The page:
budget-makers' knives. Check back here for details as they unfold. But
there are things that you can do now.
write your legislators and tell them what Governor's School meant to you.
If you don't know who they are, go to the General Assembly's
Represents Me? page to find e-mail,
snail-mail, and phone numbers for your representatives.
write the members of the Education Appropriations subcommittes
for the State
House and State
Senate and tell them that cutting off special education for our best
students is a poor way to secure our future in a competitive global economy.
Perdue and ask her to stand up for the Governor's School and the legacy
of Governor Terry Sanford.
help us keep you informed by joining our Facebook Group
or Yahoo! Forum.
Information on GSAA activities in support of the program will be posted
be our greatest challenge. But if we work together and make our voices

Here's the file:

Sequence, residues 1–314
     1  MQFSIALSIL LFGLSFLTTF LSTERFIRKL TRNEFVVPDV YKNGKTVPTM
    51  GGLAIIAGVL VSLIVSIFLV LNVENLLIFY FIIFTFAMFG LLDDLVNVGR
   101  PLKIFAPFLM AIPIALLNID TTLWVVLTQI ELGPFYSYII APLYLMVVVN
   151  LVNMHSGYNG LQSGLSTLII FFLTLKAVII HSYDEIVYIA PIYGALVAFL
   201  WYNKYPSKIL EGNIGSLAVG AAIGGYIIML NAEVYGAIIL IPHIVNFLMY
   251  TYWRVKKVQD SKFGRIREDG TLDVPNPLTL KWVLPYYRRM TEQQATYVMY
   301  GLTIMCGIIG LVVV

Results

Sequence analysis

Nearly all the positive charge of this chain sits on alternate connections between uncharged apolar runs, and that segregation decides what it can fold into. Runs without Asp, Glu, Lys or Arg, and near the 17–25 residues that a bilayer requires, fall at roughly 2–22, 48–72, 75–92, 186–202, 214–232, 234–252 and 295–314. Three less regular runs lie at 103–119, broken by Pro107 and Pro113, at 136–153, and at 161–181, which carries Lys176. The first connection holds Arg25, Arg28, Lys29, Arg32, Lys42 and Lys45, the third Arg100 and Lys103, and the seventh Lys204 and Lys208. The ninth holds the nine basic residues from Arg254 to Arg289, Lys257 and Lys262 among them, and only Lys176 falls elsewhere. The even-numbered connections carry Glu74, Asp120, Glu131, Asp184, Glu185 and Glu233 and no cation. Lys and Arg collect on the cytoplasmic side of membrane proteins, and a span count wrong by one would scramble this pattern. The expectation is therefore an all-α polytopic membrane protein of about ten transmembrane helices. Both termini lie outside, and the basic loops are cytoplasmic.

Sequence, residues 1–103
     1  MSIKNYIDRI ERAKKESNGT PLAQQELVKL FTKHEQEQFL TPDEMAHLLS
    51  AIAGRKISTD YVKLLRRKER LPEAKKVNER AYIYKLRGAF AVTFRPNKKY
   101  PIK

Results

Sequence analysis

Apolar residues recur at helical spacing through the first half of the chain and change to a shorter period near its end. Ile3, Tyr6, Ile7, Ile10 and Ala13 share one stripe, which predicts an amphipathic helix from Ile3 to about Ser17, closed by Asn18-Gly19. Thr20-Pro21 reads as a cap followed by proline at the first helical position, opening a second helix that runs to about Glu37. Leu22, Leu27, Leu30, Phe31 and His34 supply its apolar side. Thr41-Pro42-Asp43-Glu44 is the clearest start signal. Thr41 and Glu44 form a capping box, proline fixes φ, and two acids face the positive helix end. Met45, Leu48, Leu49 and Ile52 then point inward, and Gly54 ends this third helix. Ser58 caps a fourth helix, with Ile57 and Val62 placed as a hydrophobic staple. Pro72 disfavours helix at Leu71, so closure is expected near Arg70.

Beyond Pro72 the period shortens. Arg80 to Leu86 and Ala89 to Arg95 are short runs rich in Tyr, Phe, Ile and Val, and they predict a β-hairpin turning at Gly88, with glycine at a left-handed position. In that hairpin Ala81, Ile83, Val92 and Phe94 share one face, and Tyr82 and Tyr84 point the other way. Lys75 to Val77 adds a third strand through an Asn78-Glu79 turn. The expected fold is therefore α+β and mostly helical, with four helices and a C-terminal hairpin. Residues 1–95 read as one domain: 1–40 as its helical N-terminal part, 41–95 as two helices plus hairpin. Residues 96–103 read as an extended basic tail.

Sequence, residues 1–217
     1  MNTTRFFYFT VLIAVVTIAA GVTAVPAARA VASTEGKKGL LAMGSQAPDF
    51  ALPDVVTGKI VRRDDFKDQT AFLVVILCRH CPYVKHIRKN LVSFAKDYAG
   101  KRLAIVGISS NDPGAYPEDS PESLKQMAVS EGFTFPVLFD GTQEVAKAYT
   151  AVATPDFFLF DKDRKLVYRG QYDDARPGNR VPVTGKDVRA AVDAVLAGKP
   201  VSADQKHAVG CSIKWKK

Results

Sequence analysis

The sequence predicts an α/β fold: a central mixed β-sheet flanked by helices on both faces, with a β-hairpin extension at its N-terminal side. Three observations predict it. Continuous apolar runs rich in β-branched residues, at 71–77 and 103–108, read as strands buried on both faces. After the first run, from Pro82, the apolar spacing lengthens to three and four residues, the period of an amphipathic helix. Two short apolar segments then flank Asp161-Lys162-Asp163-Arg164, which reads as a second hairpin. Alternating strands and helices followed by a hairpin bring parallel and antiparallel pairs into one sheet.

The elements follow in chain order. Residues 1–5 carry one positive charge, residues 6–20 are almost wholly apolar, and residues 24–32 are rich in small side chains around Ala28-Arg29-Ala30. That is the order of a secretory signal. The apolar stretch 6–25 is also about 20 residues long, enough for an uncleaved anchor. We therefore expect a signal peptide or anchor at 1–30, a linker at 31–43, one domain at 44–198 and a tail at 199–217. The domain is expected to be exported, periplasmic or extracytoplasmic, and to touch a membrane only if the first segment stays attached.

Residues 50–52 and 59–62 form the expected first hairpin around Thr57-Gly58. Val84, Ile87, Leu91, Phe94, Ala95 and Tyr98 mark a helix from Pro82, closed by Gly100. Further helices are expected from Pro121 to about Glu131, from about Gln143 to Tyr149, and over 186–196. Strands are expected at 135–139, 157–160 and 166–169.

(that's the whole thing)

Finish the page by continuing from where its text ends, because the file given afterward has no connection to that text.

heard, I believe that we can save this program for the future students of
for all that you do for the Governor's School.
June 5, 2011
the NC Legislature sent the budget bill to Governor Perdue for her
signature. The bill contains no support for Governorís School, though it
does give the Department of Public Instruction the option to continue GS as
a tuition-supported program:
TUITION CHARGE FOR GOVERNOR'S SCHOOL
G.S. 115C-12(36) reads as rewritten: "(36) Duty to Charge
Tuition for the Governor's School of North Carolina. Ė The State Board of
Education may implement a tuition charge for students attending the
Governor's School of North Carolina to cover the costs of the School.